Abbaye royale de Chaalis
Formerly the home of Nélie Jacquemart-André, a wealthy art collector, this beautiful château within the woodlands is today a museum that houses more than 6000 displays of furniture, art, paintings and manuscripts. The items on display are all from Boucher, Giotto and Houdon. This museum is located to the north of Paris. Relax in the huge park and stroll along the pond and the rose gardens here.
Arènes de Lutèce
Along with the Thermes de Cluny, the Arènes de Lutèce are the only vestige left of the early Romans of Lutèce. This former amphitheater, likely first constructed in the first century AD, and reconstructed again in the 6th century, could contain more than 15000 people. The ruins were discovered at the end of the 18th century, and thanks to its classification as a Historical Monument, the Arènes de Lutèce can now be visited everyday for free.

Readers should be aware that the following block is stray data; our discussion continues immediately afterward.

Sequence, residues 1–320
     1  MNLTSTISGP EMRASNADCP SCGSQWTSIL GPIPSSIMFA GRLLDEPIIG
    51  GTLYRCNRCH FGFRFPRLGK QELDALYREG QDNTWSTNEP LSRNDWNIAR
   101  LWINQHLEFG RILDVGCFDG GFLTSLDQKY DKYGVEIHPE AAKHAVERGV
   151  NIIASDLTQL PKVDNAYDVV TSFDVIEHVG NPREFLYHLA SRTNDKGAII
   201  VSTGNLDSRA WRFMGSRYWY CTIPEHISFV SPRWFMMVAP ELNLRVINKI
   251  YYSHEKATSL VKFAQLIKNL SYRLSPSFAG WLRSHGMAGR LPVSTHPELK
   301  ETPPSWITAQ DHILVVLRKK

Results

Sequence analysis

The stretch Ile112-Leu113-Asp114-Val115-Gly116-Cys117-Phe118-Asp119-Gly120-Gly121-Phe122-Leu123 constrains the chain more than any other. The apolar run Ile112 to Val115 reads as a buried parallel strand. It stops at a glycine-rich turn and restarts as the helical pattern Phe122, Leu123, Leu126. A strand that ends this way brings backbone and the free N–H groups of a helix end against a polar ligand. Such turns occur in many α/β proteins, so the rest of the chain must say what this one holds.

Église de la Madeleine
L'Église de la Madeleine, an impressive neoclassical structure, is a temple that celebrates the glory of the Napoleonic armies. The bronze doors of the church feature the Ten Commandments, and the pediment displays the Last Judgment. The inside of the church looks lavish as well. It has been inspired by artists from the Renaissance.
Église de Saint-Germain-des-Prés
Nestled in one of the city's most famed intellectual hubs is L'Eglise St-Germain-des-Prés, a popular tourist destination known for its Romanesque architecture. Often recitals and concerts are held here, an ideal venue due to its acoustics and medieval atmosphere.
Église de Saint-Sulpice
Head to the fashionable area of Saint-Sulpice to see the St-Sulpice Church. Also known as the Cathedral of the Rive Gauche, there are very few churches in Paris that are bigger in size. Don't miss Servandoni's Rococo Chapelle de la Madone, which is popularly known as the Chapel of the Madonna. Just beside the church are the Jardins du Luxembourg.